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Highway1
7th Mar 2018, 13:34
Jean-Claude Juncker said last week that a retaliation was on the cards, saying of Trump's move: "This is a stupid process. But we can also do it. We will now impose tariffs on motorcycles - Harley Davidson, on blue jeans - Levis, on Bourbon.

"We can also do stupid. We also have to be this stupid."



far be if for me to disagree with such an august gentlemen but Levis haven't been produced in the USA for 15 years...

meadowrun
7th Mar 2018, 14:03
"Bourbon" Jean-Clod?
How's your wine industry doing these days?


That comedy aside...bigger problem here is the Aluminium and steel thingie threat.


Thing about trade wars is that it is usually the height of lunacy to initiate them with your friends.........with those long standing, quality suppliers of needed goods.....your partners, your allies.
It never ends well and your friends are always less friendly afterwards.

Lonewolf_50
7th Mar 2018, 14:16
I am hoping that the US Congress, both houses, push back and work against this apparent plan by the White House. The beginning of "trade wars' seems to me a lose/lose situation, not even a win/lose situation. As to Herr Juncker, he's playing to crowds, just as that guy in Washington is.

Sallyann1234
7th Mar 2018, 14:39
One for the lawyers I think.
The tariff will apply to aluminum imports, so aluminium should not be affected.

MG23
7th Mar 2018, 15:39
Thing about trade wars is that it is usually the height of lunacy to initiate them with your friends.........with those long standing, quality suppliers of needed goods.....your partners, your allies.

Countries don't have friends. And most of the world doesn't want American 'friendship', it wants American money.

The best thing that could happen for the long term is for America to stop buying everyone else's stuff, so those countries have to build a real economy rather than relying on being a cheap factory for Americans.

NutLoose
7th Mar 2018, 16:53
Levi's and Harley's are small fry, what the World needs to simply decide that in future the currency of all oil purchases will be in some other currency rather than the dollar, he can print dollars to buy oil, but not Euros, Roubles, Sterling, Yen etc. That or put an equal tariff on everything produced in the USA that contains steel or aluminium.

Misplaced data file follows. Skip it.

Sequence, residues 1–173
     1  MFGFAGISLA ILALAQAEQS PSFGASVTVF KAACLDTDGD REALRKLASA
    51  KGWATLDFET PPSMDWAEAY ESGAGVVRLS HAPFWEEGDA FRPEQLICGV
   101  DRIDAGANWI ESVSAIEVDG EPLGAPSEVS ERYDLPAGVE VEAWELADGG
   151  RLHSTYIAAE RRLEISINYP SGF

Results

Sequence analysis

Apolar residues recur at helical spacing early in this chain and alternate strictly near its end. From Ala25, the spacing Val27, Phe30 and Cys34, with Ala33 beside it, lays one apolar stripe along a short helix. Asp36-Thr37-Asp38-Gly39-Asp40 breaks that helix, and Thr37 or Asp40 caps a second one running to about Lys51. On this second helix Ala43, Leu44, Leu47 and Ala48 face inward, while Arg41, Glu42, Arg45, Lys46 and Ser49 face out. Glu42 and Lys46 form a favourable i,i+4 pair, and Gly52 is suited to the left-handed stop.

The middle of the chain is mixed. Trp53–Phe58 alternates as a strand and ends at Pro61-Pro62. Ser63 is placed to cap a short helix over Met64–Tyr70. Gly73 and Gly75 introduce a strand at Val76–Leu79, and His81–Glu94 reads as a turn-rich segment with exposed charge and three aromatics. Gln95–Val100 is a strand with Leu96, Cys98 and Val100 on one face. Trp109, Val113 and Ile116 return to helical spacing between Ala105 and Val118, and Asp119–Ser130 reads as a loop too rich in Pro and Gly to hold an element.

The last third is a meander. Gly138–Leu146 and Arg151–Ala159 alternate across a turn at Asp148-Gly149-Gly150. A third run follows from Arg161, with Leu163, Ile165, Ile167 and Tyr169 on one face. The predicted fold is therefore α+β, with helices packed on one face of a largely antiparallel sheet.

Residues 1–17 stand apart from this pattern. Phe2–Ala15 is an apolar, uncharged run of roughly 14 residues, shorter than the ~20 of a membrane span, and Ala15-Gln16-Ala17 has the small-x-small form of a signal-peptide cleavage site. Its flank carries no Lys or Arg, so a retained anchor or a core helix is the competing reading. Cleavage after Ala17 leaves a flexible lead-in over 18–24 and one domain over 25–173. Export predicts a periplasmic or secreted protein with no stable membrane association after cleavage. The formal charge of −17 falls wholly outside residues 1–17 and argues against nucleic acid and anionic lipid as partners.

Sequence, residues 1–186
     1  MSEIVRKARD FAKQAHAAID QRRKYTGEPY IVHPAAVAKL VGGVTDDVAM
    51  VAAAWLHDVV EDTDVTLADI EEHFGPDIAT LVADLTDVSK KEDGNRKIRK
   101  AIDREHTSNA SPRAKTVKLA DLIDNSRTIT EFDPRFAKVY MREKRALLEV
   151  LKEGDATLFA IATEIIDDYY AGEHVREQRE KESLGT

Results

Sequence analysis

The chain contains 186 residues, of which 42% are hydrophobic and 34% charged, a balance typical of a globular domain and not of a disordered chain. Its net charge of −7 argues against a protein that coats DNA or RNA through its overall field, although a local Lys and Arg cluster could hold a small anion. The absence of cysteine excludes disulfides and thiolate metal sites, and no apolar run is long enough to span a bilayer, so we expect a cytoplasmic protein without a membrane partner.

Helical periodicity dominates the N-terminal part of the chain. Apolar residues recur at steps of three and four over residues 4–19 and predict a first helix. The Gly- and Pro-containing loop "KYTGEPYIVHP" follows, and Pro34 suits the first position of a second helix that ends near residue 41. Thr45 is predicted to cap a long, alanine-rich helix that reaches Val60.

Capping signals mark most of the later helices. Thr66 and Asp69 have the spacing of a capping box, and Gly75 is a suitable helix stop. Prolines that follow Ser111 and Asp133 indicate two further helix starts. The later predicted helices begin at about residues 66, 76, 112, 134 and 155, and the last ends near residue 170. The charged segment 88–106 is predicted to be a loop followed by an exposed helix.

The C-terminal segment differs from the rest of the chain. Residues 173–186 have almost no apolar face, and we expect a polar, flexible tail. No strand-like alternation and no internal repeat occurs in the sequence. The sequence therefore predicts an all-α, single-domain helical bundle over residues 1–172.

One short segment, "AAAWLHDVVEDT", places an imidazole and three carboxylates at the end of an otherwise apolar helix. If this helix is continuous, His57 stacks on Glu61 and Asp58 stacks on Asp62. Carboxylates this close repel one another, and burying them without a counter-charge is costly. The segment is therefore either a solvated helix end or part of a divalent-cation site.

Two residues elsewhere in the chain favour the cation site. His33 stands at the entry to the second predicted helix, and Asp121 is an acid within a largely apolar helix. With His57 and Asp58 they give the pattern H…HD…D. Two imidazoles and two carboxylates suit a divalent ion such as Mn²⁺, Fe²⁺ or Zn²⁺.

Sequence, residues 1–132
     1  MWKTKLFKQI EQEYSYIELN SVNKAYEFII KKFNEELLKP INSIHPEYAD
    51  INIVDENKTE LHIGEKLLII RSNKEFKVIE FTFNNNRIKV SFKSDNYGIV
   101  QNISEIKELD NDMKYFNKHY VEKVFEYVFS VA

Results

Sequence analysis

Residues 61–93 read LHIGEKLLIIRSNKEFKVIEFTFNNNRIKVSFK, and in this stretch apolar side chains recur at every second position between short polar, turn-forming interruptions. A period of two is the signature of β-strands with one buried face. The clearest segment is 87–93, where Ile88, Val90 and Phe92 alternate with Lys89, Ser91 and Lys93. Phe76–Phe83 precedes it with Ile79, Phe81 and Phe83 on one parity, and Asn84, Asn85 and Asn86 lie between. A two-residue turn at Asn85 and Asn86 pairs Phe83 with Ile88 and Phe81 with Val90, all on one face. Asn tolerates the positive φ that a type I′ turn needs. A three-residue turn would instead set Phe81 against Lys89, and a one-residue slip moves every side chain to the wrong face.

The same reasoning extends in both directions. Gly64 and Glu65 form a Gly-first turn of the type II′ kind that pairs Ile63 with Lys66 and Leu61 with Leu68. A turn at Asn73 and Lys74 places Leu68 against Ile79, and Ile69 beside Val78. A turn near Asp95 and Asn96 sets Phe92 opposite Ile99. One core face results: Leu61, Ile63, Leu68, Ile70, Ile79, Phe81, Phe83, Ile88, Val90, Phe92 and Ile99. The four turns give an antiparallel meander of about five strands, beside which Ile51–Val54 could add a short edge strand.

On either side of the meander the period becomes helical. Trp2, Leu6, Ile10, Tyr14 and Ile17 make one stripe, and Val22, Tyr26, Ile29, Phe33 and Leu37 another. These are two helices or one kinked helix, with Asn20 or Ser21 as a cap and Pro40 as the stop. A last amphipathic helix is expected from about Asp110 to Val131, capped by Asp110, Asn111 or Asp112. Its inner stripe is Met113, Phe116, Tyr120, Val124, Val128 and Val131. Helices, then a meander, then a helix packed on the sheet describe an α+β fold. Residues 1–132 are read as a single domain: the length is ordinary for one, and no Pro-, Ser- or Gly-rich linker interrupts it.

MG23
7th Mar 2018, 16:56
You realize North America is already pretty much self-sufficient in oil, right?

And that demand is about to collapse?

lomapaseo
7th Mar 2018, 17:01
The best thing that could happen for the long term is for America to stop buying everyone else's stuff, so those countries have to build a real economy rather than relying on being a cheap factory for Americans.

and when those countries that lose our business find themselves broke and unable to produce, where will the US turn in order to purchase raw materials that it's own industry cant' afford to make and sell?

Eventually we'll just go back to being hunter-gatherers in mud huts.

me thinks that the issue is "free trade" with enforcement of rules.

MG23
7th Mar 2018, 17:20
and when those countries that lose our business find themselves broke and unable to produce, where will the US turn in order to purchase raw materials that it's own industry cant' afford to make and sell?

Why would they be broke? And why would they not sell raw materials?

The Chinese are pulling vast amounts of raw materials out of some of the poorest countries on Earth. It clearly isn't a problem.

Eventually we'll just go back to being hunter-gatherers in mud huts.No, we're going to be hunter-gatherers in spaceships.

The trade era is coming to an end. The future is local production of pretty much everything, because no-one's going to want to spend millions of dollars and wait months for delivery to ship containers around the solar system. Might as well get used to it.

It's only in the last hundred years or so that trade became a large part of most people's lives, because centralized production became so much more efficient than local production. Through most of history, people only traded for the things they couldn't make themselves. And we're heading back to that lifestyle.

Jetex_Jim
7th Mar 2018, 17:45
It's only in the last hundred years or so that trade became a large part of most people's lives, because centralized production became so much more efficient than local production. Through most of history, people only traded for the things they couldn't make themselves. And we're heading back to that lifestyle.

That's an interesting proposition. Were you by chance raised in a commune by hippies in the 1960s?

Hempy
7th Mar 2018, 18:15